Staunton, April 28 – Yury Belenkov, a cardiologist at Sechenov University, says that the impact on Russians of the coronavirus pandemic both short term and longer is “comparable” to the harm that the demise of the USSR inflicted on them and will cause heightened morbidity and mortality even after the epidemic is declared over (capost.media/news/obshchestvo/pandemic-coronavirus-in-health-damage-comparable-to-the-collapse-of-the-soviet-union/).
This is one of the more depressing reports to come out of the Russian Federation during the pandemic. Seven other stories which surfaced today are worthy of note:
Officer who refused to use force against Vladikavkaz protesters was a local policeman and not a member of the Russian Guard as was reported yesterday. Also incorrect were reports that there had been a mass dismissal of Russian Guards in North Ossetia (capost.media/news/mainhotnews/in-north-ossetia-confirmed-the-mass-dismissal-of-asguardian-after-the-rally/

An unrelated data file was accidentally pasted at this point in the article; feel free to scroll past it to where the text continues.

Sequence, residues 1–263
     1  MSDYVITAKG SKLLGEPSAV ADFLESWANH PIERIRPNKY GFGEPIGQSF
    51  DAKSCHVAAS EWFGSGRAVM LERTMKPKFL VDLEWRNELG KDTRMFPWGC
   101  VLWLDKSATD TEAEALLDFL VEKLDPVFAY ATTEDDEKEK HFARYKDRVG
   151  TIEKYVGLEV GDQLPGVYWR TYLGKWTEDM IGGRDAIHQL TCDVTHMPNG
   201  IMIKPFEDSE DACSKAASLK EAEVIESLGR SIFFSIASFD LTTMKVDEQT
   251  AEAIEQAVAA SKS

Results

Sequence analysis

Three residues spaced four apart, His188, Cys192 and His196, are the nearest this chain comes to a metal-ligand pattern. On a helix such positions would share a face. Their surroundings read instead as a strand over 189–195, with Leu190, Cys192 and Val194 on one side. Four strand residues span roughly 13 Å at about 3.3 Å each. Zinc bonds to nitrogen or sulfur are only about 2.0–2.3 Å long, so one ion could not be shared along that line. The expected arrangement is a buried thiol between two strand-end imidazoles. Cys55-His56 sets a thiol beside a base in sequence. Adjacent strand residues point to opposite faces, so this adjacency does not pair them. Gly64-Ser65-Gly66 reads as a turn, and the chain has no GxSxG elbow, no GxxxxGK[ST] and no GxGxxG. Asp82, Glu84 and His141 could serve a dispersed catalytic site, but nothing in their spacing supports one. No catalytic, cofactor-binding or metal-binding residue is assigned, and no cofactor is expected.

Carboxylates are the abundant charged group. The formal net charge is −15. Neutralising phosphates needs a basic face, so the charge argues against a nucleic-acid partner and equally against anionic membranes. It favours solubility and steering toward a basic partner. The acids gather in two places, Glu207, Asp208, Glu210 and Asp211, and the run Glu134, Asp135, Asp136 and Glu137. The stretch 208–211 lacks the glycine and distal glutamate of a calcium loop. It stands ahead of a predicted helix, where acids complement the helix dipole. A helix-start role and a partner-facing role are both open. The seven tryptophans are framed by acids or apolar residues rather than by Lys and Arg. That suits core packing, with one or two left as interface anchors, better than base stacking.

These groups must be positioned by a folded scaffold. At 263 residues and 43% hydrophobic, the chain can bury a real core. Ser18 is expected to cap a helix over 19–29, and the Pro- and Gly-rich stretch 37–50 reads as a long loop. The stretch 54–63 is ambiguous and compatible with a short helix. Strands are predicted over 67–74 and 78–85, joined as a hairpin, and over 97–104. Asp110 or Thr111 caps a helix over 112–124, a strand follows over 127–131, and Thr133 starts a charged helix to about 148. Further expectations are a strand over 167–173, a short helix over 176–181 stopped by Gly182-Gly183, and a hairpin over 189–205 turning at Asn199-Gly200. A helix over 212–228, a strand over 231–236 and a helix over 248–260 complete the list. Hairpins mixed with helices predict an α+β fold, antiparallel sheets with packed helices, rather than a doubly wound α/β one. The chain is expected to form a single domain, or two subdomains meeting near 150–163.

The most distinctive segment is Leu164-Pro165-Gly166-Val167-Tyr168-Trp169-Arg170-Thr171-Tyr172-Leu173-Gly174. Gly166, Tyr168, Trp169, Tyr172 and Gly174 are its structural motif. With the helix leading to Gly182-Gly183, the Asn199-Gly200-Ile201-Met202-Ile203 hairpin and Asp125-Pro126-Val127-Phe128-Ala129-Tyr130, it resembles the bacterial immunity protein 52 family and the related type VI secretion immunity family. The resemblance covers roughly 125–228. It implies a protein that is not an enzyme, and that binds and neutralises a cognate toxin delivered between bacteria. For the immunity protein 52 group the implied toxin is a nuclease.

3. To help Muslims get through Ramadan while on lockdown, the Association of Psychological Help for Muslims has established a hotline in Russia to provide answers and guidance to the faithful there (islamsng.com/rus/news/15676).
4. Remote oil and gas fields in the Russian North are becoming hotbeds of the pandemic because workers from a variety of places come and go there regularly. Now, the problems of some of them have become worse because airports have been closed and so the worst cases cannot be evacuated (thebarentsobserver.com/en/industry-and-energy/2020/04/coronavirus-spreads-across-russian-arctic-tundra-puts-petroleum).
5. Russians are not thrilled with distant learning for school children. Only 1.1 percent tell a Higher School of Economics poll that they would like to see such arrangements continue after the coronavirus pandemic ends (thinktanks.by/publication/2020/04/28/vshe-lish-1-rossiyan-hochet-ostatsya-i-dalshe-na-udalenke.html).
6. Social workers and lawyers expect a sharp uptick in the number of Russians seeking divorces after they can leave their homes and seek legal assistance (russian.eurasianet.org/россия-ученые-и-юристы-ждут-всплеска-разводов-после-снятия-карантина).
7. Thirteen percent of Russians tell the Romir polling agency that they consider the current isolation rules in place in Russia to be “excessive”(kommersant.ru/doc/4333937?from=main_4).